How Lucy Letby’s parents watched their only daughter every day in court and took her on holiday every year – and her mother was so distraught when the nurse was arrested she told police: ‘I did it, take me instead’
Lucy Letby‘s parents, John, 77, and Susan, 63, were a constant presence during her trial – attending every day of the ten-month proceedings at Manchester Crown Court.
In fact, they were so determined to hear all the evidence against their daughter that they relocated to Manchester from the cathedral city of Hereford, on the England-Wales border.
A source told the Mail that Letby’s mother was distraught when she was arrested – wailing, crying and even telling police: ‘I did it, take me instead,’ in a desperate bid to protect her.
Retail boss John and Susan, an accounts clerk, raised Letby as an only child in a 1930’s semi-detached home in a cul-de-sac.
Creatures of habit, they still live in the same house – which they bought shortly after their marriage – and holiday in Torquay three times a year, taking Letby with them right up until she was arrested in July 2018.
Nothing suggests Mr and Mrs Letby were anything but loving parents who showered their daughter with love from the moment she was born – five months after they married in July 1989.
Letby’s parents, Susan and John, arrive at Manchester Crown Court on August 17. The couple supported her every day in court. A source told the Mail that Letby’s mother was distraught when her daughter was arrested – wailing and crying, even telling police: ‘I did it, take me instead,’ in a desperate bid to protect her
Growing up, Letby was a ‘delight’ to her parents – neighbours remembered.
She had a part-time job at WH Smith in the city, and her parents were immensely proud when she became the first in their family to go to university.
When she attained her honours degree they marked her graduation, in December 2011, with an announcement in their local paper, the Hereford Times.
Alongside a picture of her wearing a mortarboard and clutching her degree certificate, they wrote: ‘Letby Lucy BSc Hons in Child Nursing. We are so proud of you after all your hard work. Love Mum and Dad.’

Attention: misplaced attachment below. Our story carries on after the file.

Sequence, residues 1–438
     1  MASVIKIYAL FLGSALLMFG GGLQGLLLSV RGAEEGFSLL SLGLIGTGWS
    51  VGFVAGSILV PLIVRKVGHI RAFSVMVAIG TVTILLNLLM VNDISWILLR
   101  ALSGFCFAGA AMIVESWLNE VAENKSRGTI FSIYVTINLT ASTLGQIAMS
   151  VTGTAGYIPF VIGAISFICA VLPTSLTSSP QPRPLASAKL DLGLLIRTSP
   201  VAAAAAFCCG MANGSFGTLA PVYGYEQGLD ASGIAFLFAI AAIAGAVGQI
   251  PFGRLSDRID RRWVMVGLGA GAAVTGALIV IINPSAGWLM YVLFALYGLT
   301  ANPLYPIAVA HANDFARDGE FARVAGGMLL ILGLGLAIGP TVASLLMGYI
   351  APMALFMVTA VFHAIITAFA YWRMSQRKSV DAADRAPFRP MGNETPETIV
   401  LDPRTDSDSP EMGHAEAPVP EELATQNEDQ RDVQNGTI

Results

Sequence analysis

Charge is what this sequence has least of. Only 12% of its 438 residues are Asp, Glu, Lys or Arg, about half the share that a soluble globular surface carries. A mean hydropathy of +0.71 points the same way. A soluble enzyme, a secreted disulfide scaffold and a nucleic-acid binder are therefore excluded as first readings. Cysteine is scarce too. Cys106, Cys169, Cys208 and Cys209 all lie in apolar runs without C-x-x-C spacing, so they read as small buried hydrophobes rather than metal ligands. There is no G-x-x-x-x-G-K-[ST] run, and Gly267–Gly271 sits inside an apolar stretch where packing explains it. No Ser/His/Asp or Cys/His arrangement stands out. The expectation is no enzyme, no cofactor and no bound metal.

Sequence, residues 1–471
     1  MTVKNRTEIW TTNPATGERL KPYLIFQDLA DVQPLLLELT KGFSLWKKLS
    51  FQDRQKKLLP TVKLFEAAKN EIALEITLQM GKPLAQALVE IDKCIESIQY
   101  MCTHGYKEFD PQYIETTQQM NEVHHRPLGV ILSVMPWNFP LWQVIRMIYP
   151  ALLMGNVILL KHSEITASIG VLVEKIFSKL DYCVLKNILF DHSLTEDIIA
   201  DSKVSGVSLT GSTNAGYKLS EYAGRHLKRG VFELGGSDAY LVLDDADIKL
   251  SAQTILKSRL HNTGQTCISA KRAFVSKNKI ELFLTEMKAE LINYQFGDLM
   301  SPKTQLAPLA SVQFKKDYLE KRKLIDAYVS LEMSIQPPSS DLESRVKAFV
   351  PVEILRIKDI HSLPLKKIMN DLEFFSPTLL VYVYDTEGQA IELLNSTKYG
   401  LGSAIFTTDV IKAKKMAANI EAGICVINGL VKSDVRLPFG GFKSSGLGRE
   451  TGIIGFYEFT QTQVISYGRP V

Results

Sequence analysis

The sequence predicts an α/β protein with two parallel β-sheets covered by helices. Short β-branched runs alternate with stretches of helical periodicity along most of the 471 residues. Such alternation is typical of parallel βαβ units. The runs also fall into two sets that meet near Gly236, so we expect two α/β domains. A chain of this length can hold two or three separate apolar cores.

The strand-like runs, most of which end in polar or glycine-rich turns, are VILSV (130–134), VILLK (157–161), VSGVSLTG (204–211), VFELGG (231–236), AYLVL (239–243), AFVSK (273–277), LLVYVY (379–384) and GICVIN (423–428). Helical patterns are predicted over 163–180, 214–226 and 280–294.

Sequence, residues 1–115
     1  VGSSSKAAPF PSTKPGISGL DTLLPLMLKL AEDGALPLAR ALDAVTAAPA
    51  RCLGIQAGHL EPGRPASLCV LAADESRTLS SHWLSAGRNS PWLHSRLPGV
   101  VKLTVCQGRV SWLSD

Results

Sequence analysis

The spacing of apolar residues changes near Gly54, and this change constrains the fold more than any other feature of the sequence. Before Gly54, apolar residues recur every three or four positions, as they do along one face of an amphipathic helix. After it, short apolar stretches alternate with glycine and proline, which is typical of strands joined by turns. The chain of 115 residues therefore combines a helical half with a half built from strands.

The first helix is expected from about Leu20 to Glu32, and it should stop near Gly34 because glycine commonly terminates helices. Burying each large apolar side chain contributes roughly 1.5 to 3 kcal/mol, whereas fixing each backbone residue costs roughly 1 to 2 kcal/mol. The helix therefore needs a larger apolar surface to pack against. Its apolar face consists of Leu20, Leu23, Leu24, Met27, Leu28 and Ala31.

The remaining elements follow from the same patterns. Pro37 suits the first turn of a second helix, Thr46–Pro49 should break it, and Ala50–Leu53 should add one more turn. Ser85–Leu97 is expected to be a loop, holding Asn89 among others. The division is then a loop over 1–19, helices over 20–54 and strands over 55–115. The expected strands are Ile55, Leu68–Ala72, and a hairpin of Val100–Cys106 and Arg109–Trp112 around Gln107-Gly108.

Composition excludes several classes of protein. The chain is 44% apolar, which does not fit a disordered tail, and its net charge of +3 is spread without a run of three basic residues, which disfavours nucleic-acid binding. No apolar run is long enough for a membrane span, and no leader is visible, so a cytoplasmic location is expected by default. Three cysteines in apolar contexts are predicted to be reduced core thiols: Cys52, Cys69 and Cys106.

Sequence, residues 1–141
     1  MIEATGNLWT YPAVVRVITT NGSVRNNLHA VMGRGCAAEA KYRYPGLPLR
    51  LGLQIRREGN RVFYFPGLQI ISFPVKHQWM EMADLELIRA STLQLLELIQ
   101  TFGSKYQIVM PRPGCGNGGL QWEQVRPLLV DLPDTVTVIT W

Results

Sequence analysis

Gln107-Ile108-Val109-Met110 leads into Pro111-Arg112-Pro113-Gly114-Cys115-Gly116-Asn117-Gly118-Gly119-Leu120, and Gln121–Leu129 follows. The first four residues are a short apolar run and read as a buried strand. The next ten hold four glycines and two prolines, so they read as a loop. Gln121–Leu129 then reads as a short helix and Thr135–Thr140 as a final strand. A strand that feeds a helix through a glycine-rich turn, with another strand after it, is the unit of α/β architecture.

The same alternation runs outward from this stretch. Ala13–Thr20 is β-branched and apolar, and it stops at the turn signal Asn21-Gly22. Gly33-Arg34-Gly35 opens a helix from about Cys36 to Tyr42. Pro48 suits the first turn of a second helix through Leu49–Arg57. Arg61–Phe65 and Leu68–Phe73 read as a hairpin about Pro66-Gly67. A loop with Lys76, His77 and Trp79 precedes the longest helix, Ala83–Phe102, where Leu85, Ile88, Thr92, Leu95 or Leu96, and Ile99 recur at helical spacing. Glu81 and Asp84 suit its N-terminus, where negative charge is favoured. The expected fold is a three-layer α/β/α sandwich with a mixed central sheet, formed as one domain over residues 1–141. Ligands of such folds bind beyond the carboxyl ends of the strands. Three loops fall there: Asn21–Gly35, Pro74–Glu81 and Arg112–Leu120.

A similar announcement, with an accompanying photograph of Letby as a young child was also placed in the same newspaper to mark her 21st birthday.
But texts Letby exchanged with colleagues hinted she sometimes felt smothered by her mother and father and guilty about moving away. She explained they missed her and hated her living alone.
She appeared to speak or text them every day and described them as ‘suffocating at times.’ She told one doctor friend who was considering moving to New Zealand that she could never do that as it would ‘completely devastate’ them.
‘Find it hard enough being away from me now and it’s only 100miles,’ she said.
In a message to another friend, she wrote: ‘My parents worry massively about everything & anything, hate that I live alone etc.
Nothing suggests Mr and Mrs Letby were anything but loving parents who showered their daughter with love from the moment she was born – five months after they married in July 1989
Letby’s parents marked her graduation by posting a notice in the local newspaper
‘I feel bad because I know it’s really hard for them especially as I’m an only child, and they mean well, just a little suffocating at times and constantly feel guilty.’
The couple relocated to Manchester and attended every day of their daughter’s trial, with Mrs Letby sometimes breaking into tears and appearing anxious during breaks when her daughter was undergoing particularly tough periods of questioning by the prosecution.
Investigators suspect Letby had told them scant detail of the horrific nature of the crimes she was being accused of before it was laid out in front of them in court.
As the guilty verdicts were returned, Mrs Letby broke into a series of anguished sobs which continued even after she had left the court. At one point she cried out: ‘You can’t be serious. This cannot be right’.
Letby will now spend the rest of her life in prison.
The couple relocated to Manchester and attended every day of their daughter’s trial